Before our Saturday Open Studio session this weekend, I snapped a couple of pictures of Liam’s puzzle jug.  One of those shots is the featured image on this post.  It’s deliberately not a good shot.  The piece will be “unveiled” at our student art show, later this week.  You’ll have to come see it there.

Puzzle jugs are really hard to make.  First, you have to make a vessel of a certain shape, with a rim thick enough to split and close in a hollow tube at the top.  Then you have to create a hollow donut for a handle, and attach it so that there is a hollow channel that extends from the rim, through the handle, and all the way down to the bottom of the vessel.  While keeping that channel open, you have to add three spouts to the top rim.  You’re not done yet; you still have to carve out designs from the middle of the vessel without cracking or breaking it.  And then you have to crank it first to 1800+ degrees, then to 2200+ degrees, without glaze, shrinkage, or pressure sealing up any of the hollow spaces.

Sounds complicated, right?  It is.

The story of puzzle jugs in our studio is that a few years ago, one of our history teachers shared a story.  He told one of my upper-level students – a very driven and talented young man who has since gone on to study craft in college – that the puzzle jug was the piece that an apprentice potter in 18th century Holland would have to make in order to leave his apprenticeship and branch out on his own.

Now, I haven’t been able to independently verify that story.  But the effect of its telling was that within a day, the student and I were both attempting to make puzzle jugs.  One thing this young man and I have in common is a competitive streak.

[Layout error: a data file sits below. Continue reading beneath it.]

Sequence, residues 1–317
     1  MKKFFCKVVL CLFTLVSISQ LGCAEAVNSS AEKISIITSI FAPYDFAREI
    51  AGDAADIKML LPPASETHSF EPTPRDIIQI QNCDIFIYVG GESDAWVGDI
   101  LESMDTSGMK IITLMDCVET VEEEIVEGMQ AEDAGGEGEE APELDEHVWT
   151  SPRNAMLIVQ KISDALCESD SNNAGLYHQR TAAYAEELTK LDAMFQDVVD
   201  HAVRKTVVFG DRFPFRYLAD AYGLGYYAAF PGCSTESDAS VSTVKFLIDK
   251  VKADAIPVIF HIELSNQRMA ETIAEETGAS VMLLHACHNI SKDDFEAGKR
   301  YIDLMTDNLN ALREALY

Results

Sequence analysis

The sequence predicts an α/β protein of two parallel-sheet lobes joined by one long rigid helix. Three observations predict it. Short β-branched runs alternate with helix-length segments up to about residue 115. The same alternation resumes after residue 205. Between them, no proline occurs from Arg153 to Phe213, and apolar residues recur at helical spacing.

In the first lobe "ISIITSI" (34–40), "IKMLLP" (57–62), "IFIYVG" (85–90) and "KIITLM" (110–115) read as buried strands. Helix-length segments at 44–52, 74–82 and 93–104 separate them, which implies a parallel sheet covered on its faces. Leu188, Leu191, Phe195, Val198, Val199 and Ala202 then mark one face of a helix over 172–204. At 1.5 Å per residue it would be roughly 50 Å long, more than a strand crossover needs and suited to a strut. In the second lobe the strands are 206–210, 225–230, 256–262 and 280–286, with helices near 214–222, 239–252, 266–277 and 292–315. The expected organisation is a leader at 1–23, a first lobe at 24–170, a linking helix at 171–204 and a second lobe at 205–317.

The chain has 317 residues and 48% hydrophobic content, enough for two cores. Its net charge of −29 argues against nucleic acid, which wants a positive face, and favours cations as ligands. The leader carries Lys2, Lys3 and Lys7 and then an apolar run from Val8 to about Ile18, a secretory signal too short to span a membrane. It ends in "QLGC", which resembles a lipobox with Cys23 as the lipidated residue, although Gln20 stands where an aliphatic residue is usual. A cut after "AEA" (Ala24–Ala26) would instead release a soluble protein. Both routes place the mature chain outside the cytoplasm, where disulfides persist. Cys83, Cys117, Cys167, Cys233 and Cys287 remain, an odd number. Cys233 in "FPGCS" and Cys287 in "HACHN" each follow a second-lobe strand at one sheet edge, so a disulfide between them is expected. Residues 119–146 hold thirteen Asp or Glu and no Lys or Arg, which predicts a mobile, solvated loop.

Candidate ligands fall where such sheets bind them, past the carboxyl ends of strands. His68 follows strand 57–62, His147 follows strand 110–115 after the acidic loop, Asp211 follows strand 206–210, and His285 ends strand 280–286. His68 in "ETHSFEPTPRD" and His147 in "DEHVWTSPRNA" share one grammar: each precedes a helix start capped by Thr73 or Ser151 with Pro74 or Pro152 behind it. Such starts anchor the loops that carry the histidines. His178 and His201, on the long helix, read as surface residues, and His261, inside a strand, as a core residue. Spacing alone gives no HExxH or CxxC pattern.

He got his on the first try.  I wish I had a better photo, but it looked something like the picture below.  I think I deleted the better shot, because he didn’t include it in his portfolio – the history teacher glazed it, so it wasn’t entirely his work.  But he nailed it in terms of form and function.


As for me, it took me seven tries to make my jug.  Seven.  My student eventually coached me through part of the process.  And, once all was fired, glazed, and fired again, a tiny leak emerged in the bottom of the handle attachment.  I tried to seal it with epoxy, and it sort of worked, but the toxic glue left drinking from the vessel out of the question.  I guess it looks alright, but next to the delicate porcelain piece my student created, it felt clunky and awkward.

He was ready to leave his “apprenticeship.”  And he did, and he’s going farther with craft than I ever will.


I tell that story in my classes now, because I like to observe their reactions when I share with them that one of my students passed me up in ability.  And I throw down a gauntlet with the story – a functional puzzle jug, made outside and above class requirements, equals an A+.  (I typically don’t give any A+ grades, for reasons that I’ll explore in another post someday.)